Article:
SARASIN: The answer is yes. Food retailers have done an incredible job, in my estimation, throughout the pandemic. Just think about what they did and how quickly they did it in changing their online shopping offerings to consumers. When we worked together in January of 2020 at [FMI] Midwinter, we talked about what our projections were for the growth of online over the next five or six years. What we found is that once the pandemic came on, what we had projected would happen over the next five or six years began to take place over five to six months. So it was incredible how quickly  the industry responded. With restaurants and other foodservice operations like cafeterias shutting down almost overnight, retailers really had to step up to the plate to make sure that their customers were able to get the food they needed to feed their families.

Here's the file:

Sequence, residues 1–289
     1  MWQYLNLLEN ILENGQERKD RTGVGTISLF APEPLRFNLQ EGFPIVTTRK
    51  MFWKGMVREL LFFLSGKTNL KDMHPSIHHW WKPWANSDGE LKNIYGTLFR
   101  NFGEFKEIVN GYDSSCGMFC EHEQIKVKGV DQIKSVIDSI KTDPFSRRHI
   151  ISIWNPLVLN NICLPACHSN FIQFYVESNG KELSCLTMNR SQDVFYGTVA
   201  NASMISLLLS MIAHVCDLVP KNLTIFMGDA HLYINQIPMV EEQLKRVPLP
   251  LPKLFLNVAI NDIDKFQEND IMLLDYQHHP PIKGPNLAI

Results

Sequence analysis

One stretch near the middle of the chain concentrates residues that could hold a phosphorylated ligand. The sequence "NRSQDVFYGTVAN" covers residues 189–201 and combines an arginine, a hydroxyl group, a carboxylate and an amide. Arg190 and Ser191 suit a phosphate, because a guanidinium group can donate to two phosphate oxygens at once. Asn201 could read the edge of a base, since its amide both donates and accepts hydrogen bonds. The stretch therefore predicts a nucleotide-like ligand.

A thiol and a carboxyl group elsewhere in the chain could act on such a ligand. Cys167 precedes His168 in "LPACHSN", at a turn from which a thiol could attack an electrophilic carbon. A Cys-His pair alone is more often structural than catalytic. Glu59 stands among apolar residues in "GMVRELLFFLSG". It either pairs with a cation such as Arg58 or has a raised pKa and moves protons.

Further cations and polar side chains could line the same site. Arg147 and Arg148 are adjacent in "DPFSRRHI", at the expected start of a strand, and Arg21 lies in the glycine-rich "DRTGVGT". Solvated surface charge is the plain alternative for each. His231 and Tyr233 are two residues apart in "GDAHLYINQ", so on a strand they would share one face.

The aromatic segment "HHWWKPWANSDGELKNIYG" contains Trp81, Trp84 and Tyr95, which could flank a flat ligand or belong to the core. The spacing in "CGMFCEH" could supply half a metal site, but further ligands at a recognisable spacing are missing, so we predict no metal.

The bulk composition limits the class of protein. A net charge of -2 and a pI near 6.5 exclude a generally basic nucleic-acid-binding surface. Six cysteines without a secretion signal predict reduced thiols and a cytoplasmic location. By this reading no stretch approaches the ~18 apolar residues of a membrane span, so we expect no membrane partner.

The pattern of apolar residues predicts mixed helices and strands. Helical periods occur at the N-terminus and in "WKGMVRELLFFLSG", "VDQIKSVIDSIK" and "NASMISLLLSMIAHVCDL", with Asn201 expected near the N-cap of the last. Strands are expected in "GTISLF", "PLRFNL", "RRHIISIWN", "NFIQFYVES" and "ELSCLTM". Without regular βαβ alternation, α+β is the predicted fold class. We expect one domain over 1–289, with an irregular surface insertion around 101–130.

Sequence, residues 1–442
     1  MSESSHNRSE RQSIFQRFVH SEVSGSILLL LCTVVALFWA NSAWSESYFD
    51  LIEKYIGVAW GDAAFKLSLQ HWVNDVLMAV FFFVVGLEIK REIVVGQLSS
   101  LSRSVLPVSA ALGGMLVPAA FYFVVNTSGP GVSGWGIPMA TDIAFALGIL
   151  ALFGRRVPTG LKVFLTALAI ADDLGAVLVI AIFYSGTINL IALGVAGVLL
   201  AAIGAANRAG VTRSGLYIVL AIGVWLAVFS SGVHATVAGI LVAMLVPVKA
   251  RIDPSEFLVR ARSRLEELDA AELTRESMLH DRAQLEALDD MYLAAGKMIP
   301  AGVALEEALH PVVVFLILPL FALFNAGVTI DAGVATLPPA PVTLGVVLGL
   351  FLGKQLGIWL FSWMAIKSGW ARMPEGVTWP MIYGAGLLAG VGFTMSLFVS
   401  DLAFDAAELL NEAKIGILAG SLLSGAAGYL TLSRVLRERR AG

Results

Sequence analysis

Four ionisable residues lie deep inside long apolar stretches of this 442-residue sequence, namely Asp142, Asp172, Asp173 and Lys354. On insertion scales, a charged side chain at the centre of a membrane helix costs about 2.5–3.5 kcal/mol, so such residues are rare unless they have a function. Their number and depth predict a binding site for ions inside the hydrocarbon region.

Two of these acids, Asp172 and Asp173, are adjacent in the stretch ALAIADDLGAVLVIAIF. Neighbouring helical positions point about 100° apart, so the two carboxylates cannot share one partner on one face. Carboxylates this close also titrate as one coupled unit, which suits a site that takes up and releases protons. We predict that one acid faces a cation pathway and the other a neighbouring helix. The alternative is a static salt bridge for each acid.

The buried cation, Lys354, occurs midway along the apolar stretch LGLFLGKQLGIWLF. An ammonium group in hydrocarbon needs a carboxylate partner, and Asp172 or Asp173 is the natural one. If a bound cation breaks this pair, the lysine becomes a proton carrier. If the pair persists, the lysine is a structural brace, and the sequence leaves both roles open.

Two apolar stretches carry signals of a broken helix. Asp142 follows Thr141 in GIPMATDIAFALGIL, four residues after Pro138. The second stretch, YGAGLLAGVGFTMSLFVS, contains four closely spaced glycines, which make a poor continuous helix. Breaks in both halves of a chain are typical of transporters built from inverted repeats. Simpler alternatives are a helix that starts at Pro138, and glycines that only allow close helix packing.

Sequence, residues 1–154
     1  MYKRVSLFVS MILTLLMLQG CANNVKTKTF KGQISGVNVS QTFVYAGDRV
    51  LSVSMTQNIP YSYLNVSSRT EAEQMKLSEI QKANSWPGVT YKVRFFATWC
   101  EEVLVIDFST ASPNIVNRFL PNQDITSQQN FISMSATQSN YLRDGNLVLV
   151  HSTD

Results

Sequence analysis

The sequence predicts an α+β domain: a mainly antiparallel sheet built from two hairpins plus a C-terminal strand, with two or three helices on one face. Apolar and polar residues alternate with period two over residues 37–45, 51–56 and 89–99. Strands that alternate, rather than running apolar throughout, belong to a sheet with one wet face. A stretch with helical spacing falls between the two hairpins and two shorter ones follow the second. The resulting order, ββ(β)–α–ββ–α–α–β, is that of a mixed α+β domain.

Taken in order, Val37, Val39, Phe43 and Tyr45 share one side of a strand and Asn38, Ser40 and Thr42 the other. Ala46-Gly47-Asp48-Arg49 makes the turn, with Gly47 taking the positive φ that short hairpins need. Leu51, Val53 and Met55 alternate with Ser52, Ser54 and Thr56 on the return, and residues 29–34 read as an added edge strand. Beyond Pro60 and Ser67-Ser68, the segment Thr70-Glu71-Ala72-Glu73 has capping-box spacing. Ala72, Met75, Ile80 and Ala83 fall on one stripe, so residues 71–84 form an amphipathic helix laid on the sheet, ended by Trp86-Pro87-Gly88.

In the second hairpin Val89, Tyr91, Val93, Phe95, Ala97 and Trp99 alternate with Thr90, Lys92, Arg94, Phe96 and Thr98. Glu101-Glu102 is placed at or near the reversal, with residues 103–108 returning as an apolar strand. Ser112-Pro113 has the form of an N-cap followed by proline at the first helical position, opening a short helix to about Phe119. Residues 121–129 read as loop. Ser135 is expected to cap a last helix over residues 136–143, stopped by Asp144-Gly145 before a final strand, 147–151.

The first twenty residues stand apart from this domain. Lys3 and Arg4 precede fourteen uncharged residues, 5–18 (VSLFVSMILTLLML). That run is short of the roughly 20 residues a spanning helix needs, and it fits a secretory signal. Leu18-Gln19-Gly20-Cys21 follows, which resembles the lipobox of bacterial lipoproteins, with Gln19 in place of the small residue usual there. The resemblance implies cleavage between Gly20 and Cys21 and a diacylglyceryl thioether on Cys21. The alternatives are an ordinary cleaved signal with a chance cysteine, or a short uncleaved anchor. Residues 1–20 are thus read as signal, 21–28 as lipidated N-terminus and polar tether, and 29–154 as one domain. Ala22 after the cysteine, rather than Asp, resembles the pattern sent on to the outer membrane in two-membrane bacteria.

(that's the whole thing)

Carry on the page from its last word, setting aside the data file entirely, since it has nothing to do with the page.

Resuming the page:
What we’ve seen after two years of the pandemic is that our customers have really taken to shopping online. It’s interesting what happened given how much concern and hand-wringing went on pre-pandemic about whether consumers would actually want to have store associates pick certain items for them. I mean, I was the poster child for this. I could not imagine ever wanting someone else to pick my tomatoes. But you know what, I adapted. I was very happy with the pickings they did. And I think that, in the consensus throughout the consuming public, what we’ve seen in the last few months is that the number and the frequency of online trips has plateaued to some degree. Even so, it has remained so much elevated from pre-pandemic levels.